Superhero franchises often peak with their sophomore installments. Spider-Man 2, X2: X-Men United, Batman Returns, The Dark Knight, and Captain America: The Winter Soldier succeeded at least in part through an understanding of the opportunity that sequels push harder into their respective ethos, without the weight of origin stories. The stage is already set up.
Wonder Woman 1984 never really understands what it wants to do with its title hero. Diana is adrift in the 1980s, still mourning Steve Trevor’s death, decades earlier. Grief is a natural human emotion. Superheroes are supposed to be relatable, but there’s something inherently jarring about the idea that an ageless warrior would spend close to seventy years upset about one man.
The film centers itself in Diana’s professional life, working as an anthropologist in Washington D.C. Diana still masquerades as Wonder Woman, mostly handling small-scale issues like mall crimes, taking great care to destroy any security camera footage that would give her maskless face away. Professionally, she seems to be doing okay, albeit dragging around the baggage of a normal human lifespan’s worth of grief.
Kristen Wiig largely carries the film as Diana’s coworker Barbara Minerva, Wonder Woman’s arch-nemesis Cheetah. Barbara is insecure, desperate to carry herself with half the poise of Diana, a dynamic that forces the viewer to see the sullen title hero as a figure worthy of envy. That lust serves as the catalyst for the whole film, manifested through a stone recovered from a foiled robbery.
The “dreamstone” is the object of intense desire for Maxwell Lord (Pedro Pascal), a made-for-TV businessman armed with a war-chest of Reaganomics cliches and thinly-veiled Donald Trump impressions. Pascal is fun, working great opposite Wiig. Director Patty Jenkins provides plenty of scenes to flesh out Lord beyond his Wall Street caricature.
At a certain point, the scenes fully fleshing out Minerva and Lord become a bit excessive, exacerbated by Jenkins’ uncertainty with regard to Diana. Wonder Woman 1984 belongs less to Wonder Woman as a character than it does to Wonder Woman, its predecessor. This is a 151-minute-long feature designed to help its lead get over the events of the past film, close to seventy years after the fact.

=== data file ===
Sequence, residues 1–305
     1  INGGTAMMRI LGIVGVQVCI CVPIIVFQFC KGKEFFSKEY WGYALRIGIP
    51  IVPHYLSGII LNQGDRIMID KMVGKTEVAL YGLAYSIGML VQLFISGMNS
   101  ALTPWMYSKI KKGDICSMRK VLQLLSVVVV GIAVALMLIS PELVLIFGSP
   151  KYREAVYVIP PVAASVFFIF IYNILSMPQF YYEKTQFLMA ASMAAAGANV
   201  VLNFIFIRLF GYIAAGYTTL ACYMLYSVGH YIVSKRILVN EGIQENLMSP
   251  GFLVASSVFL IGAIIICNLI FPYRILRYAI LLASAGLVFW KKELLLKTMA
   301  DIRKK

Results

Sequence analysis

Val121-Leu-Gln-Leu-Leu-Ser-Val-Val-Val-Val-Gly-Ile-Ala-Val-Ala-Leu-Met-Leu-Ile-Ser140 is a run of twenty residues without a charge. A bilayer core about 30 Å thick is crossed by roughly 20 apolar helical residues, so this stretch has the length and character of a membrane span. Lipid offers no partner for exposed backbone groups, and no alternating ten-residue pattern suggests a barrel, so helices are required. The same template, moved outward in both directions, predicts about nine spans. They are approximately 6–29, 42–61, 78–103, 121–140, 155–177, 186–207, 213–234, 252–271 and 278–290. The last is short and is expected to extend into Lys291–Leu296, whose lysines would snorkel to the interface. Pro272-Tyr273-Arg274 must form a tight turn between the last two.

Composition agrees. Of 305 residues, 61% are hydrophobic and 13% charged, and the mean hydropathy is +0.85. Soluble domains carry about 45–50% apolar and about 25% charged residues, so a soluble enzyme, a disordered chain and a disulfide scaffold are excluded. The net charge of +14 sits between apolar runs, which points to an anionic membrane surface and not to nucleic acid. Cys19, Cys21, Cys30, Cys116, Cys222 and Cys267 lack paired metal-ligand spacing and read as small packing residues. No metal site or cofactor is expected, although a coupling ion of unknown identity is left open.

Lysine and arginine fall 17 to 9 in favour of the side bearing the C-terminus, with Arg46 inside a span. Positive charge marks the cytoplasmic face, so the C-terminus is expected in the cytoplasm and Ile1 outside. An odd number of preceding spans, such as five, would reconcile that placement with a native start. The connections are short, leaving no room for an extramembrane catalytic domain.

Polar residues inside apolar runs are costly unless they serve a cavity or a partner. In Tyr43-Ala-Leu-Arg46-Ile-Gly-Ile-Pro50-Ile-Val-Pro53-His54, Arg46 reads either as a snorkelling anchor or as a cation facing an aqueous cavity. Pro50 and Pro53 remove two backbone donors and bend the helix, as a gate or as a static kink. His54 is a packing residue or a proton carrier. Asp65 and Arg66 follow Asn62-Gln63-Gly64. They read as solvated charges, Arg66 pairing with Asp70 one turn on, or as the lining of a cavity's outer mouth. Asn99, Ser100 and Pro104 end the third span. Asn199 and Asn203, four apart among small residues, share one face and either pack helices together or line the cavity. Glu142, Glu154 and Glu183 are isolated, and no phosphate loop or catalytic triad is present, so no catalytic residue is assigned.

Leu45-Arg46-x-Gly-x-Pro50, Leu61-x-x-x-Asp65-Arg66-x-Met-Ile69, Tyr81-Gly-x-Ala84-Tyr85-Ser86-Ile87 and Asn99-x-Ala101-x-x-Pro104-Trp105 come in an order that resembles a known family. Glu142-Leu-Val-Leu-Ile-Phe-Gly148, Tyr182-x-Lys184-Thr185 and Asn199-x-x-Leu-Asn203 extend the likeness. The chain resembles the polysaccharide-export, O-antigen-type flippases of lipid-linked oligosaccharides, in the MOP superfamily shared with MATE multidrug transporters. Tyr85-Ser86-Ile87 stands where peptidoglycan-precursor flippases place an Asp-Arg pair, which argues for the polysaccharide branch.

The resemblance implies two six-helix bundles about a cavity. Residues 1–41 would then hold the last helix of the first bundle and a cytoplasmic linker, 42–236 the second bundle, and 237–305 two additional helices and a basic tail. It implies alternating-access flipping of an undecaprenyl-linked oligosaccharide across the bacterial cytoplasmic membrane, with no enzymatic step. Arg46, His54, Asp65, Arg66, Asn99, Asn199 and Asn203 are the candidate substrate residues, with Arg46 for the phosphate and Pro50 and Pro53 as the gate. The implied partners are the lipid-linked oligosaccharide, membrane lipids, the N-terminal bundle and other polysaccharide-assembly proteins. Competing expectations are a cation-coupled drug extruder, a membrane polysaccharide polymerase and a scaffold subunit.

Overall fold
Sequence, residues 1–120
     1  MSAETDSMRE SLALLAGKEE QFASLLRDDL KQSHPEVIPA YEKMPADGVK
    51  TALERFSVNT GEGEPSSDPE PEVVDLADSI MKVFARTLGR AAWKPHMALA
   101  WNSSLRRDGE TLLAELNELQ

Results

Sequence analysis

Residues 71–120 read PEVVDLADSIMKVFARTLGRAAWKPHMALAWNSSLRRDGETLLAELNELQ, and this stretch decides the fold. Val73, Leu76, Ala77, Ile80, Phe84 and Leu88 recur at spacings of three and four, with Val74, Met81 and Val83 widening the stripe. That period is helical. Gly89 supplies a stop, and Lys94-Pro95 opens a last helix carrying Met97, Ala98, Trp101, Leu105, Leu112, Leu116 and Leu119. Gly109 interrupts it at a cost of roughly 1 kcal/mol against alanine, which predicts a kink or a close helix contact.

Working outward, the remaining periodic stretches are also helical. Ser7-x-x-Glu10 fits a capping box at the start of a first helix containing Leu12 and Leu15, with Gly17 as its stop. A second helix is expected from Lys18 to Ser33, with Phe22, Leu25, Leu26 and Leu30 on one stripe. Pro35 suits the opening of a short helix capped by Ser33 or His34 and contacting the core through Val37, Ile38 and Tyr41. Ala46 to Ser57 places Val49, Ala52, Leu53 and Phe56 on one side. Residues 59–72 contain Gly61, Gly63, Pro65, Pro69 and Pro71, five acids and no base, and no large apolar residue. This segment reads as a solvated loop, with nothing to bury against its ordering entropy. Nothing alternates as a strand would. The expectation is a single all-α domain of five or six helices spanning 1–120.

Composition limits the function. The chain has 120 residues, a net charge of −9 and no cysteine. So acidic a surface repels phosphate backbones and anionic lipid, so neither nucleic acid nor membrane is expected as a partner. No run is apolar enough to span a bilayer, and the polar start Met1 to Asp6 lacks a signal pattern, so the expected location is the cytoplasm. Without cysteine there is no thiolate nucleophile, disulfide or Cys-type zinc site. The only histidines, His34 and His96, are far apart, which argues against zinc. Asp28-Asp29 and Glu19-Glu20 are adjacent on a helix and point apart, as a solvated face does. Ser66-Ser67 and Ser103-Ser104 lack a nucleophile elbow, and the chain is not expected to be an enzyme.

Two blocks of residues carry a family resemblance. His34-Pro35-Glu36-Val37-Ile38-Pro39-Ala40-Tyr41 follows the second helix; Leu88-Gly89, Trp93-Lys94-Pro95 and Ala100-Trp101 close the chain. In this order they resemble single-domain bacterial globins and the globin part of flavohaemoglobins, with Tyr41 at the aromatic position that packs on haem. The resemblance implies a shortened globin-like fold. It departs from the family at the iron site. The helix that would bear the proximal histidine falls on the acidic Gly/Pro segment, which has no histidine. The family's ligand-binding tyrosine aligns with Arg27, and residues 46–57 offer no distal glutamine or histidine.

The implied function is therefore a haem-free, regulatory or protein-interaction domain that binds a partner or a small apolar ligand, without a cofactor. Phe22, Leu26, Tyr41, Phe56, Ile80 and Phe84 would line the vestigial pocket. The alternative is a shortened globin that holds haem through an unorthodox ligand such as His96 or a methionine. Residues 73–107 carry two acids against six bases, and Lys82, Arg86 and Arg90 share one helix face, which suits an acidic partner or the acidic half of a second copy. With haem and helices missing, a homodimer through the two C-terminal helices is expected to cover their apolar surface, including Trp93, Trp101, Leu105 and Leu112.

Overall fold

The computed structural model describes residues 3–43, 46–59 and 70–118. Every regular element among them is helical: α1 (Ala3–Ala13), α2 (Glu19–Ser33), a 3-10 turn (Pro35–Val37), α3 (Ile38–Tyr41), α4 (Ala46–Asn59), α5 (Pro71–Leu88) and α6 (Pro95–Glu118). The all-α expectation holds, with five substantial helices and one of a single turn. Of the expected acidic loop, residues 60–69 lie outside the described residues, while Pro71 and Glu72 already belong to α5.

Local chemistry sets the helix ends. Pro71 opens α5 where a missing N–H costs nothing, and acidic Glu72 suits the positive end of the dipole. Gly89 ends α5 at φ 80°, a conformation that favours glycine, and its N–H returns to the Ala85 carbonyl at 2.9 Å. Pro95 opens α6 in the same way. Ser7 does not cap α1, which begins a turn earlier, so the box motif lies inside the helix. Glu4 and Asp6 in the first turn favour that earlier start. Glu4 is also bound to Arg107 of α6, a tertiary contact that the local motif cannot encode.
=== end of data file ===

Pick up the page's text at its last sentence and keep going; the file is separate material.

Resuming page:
The 80s setting serves no function other than to evoke nostalgia for shopping malls and brightly colored leotards. There is no point where the film tries to justify its time period, increasingly awkward as the narrative lugs around the first film like an anchor weighing the whole experience down. There are too many scenes that don’t serve any broader purpose, which might have been okay if it wasn’t so boring most of the time.
Chris Pine makes for a very good Steve Trevor. This notion should in theory operate independent of the question of whether or not this long-dead love interest should play a major role in a sequel, where he is still very much deceased. Trevor isn’t just out of place here. His presence practically sinks the entire movie.
Worst of all, Jenkins could’ve essentially cut out all of Trevor’s scenes without fundamentally changing the narrative. Such a decision would’ve produced a much more palatable runtime, a sorry state of affairs for a film that pretty much solely relies on its two villains for entertaining moments. Gal Gadot is pretty adrift throughout the whole ordeal, shrugging her shoulders at the notion that this should be her movie.
Wonder Woman is the most iconic female superhero of all time. Jenkins kneecapped her feminist hero by forcing Diana to channel every emotion through the prism of a man. The movie never really decides on a path for Diana, despite a lengthy flashback opener ostensibly designed to set those intentions.
Wonder Woman 1984 is a meandering slog that evokes little other than pity for its title hero. Diana deserves better than this too-often joyless mess of a narrative. One of the most disappointing superhero movies of all time. There is nothing inspirational here.